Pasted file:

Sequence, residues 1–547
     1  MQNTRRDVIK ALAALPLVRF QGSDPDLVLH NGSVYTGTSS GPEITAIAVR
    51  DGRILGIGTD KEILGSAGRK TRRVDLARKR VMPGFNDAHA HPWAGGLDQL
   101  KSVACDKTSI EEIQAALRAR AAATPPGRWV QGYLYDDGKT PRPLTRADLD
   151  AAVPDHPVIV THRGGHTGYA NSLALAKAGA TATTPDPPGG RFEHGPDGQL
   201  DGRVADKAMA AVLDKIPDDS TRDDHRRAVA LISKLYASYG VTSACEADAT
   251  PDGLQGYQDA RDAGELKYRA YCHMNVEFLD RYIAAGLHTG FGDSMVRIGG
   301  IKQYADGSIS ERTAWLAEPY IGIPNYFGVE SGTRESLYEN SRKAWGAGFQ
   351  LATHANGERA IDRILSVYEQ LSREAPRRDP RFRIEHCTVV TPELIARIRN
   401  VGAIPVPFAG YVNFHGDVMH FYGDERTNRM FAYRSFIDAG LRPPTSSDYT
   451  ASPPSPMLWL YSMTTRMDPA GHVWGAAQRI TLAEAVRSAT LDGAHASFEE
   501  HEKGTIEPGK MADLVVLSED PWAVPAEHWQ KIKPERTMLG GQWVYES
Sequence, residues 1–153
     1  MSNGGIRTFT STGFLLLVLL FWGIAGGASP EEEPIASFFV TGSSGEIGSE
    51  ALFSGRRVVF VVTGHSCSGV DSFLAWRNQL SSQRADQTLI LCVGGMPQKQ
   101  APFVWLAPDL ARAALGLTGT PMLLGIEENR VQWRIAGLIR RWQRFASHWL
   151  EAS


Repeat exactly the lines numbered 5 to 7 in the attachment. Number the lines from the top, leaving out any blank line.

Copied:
   151  AAVPDHPVIV THRGGHTGYA NSLALAKAGA TATTPDPPGG RFEHGPDGQL
   201  DGRVADKAMA AVLDKIPDDS TRDDHRRAVA LISKLYASYG VTSACEADAT
   251  PDGLQGYQDA RDAGELKYRA YCHMNVEFLD RYIAAGLHTG FGDSMVRIGG